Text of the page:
Topic

Bruce Agnew

State Hopes For $880 Million For Rail

This article, published by The Daily Chronicle, mentions Discovery Institute Fellow Bruce Agnew: Bruce Agnew, policy director for the Cascadia Center, a Seattle-based transportation policy group, said if he had to predict the race for the cash, he’d put Washington and Oregon’s Pacific Northwest Corridor in the top five. The rest of the article can be found here.

High Speed Rail Could Run From Oregon To B.C.

This article, published by The Everett Herald, quotes Discovery Institute Fellow Bruce Agnew: “That puts us in good position to compete with the other high-profile corridors,” said Bruce Agnew, policy director of the Cascadia Center for Regional Development, a Seattle transportation policy group. Agnew also is a former Edmonds resident and two-term Snohomish County councilman. The rest of the article Read More ›

High Speed Rail Supporters Meet in Portland

This article, published by Oregon Public Broadcasting, quotes Discovery Institute Fellow Bruce Agnew: Bruce Agnew: “To go faster than that, you have to put more grade separation, overpasses and underpasses into the system. And we’re not there yet. We’re hoping to get about a billion dollars in federal funding which would allow us to go beyond 79 miles per hour Read More ›

High Speed Rail Along The West Coast is A “No-brainer”

This article, published by Seattle PI, mentions Discovery Institute Fellow Bruce Agnew: South of the border, such “Cascadians” as former Secretary of State Ralph Munro and Bruce Agnew of the Discovery Institute have worked for two decades to bring fast, reliable rail service to the I-5 corridor. The rest of the article can be found here.

Cascadia Rail Week Highlights Cross-Border & Interstate Ties

Cascadia Rail Week - including events in Portland May 27 and Seattle May 28 - heightened awareness of the need for improved intercity passenger and freight rail systems, and for longer-term efforts to establish high speed rail in our mega-region. Sharing key insights were representatives of state and city governments, the Federal Railway Administration, the U.S. Congress and Senate, and the Washington state legislature, plus think tanks, train manufacturers, railroads, and commuter rail advocates and experts. Rail week left no doubt there is a well-equipped coalition coming together to advance a crucial 21st Century rail agenda that builds on Northwest investments already made. Press coverage was considerable; in newspapers and on radio and television. Links are below. NEW: "Amtrak Cleared For 2nd Daily Train To Vancouver, B.C.," Seattle Times, 7/3/09 More TV clips, 5/27/09, Portland: KOIN 6 - 2 evening news segments; KATU 2 - evening segment; KGW 8 - noon segment U.S. Rep Earl Blumenauer video presentation, shown at 5/27 & 5/28 events "Light Rail Rolls, And Commuter Rail Percolates," Lance Dickie editorial column, Seattle Times, 6/12/09 "All Aboard! Oregon Eligible For High Speed Rail," Eugene Register-Guard, 6/4/09 "Biden: High Speed Rail Money On The Way," Seattle PI.com, 6/3/09 Full entry Read More ›

SR 99 Deep Bored Tunnel Costs – Radio Transcript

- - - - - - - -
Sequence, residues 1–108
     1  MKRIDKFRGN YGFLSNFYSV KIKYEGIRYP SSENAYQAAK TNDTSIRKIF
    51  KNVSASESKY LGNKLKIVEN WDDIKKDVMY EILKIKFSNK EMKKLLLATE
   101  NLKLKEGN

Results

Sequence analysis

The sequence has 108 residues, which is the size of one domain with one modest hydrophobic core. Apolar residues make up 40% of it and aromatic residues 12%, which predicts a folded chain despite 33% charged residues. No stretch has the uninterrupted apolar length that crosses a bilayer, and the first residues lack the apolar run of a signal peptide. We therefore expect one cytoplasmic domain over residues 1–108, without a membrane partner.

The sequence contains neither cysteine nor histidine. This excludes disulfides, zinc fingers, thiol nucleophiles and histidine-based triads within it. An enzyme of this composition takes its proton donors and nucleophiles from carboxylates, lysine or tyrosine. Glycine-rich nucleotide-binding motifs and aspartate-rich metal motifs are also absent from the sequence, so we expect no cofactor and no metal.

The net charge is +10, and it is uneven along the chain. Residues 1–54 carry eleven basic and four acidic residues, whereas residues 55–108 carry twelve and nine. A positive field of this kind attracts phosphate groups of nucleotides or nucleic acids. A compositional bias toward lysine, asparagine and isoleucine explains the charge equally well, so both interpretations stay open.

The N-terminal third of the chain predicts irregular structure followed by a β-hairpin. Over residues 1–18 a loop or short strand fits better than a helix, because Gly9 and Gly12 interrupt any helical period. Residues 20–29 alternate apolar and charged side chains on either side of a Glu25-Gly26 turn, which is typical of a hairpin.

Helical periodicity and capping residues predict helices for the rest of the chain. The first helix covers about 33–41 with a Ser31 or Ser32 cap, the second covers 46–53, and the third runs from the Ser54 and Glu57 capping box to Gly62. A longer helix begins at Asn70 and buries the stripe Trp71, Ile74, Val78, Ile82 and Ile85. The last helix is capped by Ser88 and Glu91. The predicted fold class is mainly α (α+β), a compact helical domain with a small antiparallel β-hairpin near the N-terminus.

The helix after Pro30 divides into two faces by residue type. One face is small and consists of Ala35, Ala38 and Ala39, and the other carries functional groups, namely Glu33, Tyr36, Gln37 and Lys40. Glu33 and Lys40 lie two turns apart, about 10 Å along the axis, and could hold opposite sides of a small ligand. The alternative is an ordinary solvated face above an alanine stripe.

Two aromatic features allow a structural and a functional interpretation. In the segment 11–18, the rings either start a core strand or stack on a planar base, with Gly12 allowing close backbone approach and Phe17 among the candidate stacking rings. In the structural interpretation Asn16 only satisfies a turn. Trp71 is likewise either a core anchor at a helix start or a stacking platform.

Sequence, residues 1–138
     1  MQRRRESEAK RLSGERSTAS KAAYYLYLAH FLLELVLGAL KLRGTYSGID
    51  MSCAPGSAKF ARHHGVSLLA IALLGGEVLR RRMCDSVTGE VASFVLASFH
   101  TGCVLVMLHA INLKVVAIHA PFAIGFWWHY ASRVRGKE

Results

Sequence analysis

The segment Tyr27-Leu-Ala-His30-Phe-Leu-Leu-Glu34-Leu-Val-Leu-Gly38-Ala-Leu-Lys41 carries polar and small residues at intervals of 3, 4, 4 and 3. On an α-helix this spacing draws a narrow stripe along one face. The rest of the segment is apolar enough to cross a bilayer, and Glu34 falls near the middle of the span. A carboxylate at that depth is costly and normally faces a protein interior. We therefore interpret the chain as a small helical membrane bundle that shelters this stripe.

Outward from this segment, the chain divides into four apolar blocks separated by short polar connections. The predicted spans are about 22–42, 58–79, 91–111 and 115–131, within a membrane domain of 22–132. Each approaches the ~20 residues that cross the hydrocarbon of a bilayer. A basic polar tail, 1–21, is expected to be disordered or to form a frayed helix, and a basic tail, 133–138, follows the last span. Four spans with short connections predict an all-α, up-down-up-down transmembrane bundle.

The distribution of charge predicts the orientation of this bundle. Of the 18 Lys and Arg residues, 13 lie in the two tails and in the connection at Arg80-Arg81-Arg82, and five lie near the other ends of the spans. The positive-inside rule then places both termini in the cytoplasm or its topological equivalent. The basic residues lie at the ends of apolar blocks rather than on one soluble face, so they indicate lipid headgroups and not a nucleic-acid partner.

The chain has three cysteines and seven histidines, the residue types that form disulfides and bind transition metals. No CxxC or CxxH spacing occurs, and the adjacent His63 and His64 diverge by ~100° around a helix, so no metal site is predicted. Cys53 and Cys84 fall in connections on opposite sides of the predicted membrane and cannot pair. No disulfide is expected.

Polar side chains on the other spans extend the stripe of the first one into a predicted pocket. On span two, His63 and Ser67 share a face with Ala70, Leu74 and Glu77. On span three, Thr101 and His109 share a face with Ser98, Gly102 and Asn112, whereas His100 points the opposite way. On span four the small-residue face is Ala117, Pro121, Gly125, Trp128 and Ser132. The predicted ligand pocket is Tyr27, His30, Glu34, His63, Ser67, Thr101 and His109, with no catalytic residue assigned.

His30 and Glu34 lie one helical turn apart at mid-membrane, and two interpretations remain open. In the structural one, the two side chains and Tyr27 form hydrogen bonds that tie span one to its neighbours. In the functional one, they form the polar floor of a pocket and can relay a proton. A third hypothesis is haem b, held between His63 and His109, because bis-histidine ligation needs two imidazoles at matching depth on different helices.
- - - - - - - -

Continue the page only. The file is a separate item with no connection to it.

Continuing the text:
(Excerpt) Dave Ross:.....Bruce, I think it's fair to say that the whole tunnel idea was dead until you guys resuscitated it. Bruce Agnew: Well, we did bring some international experts who'd had experience in building tunnels in Shanghai, Madrid, and North America and they told us that the tunnel would be around a billion dollars and I agree with the Governor. The DOT added a 27% contingency, and they're currently at $1.9B for the tunnel. So if you look at worldwide experience in tunneling and advances in technology, the Governor's figures are absolutely correct. The other important factor is that the DOT decided to go with a single bore versus a double bore, which means less labor, less materials and one machine versus two....(Additionally) Sound Transit's bids on the Beacon Hill transit tunnel came in about 22% below estimate and just, I think it was last week, San Francisco BART's bids on a tunnel came in at 45% below the engineering bids and there were five bidders. So there's a very hungry environment for contractors and the sooner we get this bored machine going, the better we're going to be. {......} Dave Ross: As you've mentioned, there have been deep-bored tunnels done before, in Beacon Hill, yes. But in Beacon Hill, that's mainly residential. There are no gigantic buildings you're going under for that tunnel. Has it ever been done? Has a tunnel this large ever been bored under a major urban area before? Bruce Agnew: Absolutely. Shanghai, Madrid, Paris. They're looking at a deep-bored tunnel for a Port of Miami and the I-710 freeway in Los Angeles.That's why I think the DOT and the project team came around on this is because they got the information about the 20 projects that are currently underway around the world and those that have been completed on time and on budget. The average costs of those was somewhere around 350 million dollars a mile so even if you take a look at the DOT's budget, which estimates it would be about 1.17 billion per tunnel-mile, there's a lot of fudge factor built into that. {...} Bruce Agnew:....the other point I would make to your listeners is that you've got to take a look at the history of our state DOT in the last five to ten years in terms of bringing projects in on time and on budget. You look at the Tacoma Narrows Bridge, the I-5 widening in Everett which were built under a new design-build procedure which brings in the talent of the private sector early on. Those are good examples, albeit they're highway projects, but they're good examples of the management of this DOT in terms of (completing within budget) these projects and that story isn't told enough, I think. Dave Ross: You are complimenting the DOT on bringing things in on...You're a conservative think tank, right? Bruce Agnew: Well yes, so we applaud government efficiency. And as someone who has a beach cabin up north in Snohomish County, I go through Everett all the time and it's just remarkable what that widening project has done in terms of traffic flow through Everett. It's great to see that. Full transcript Audio of full interview 12/08 - 4/09 Tunnel News & Opinion Read More ›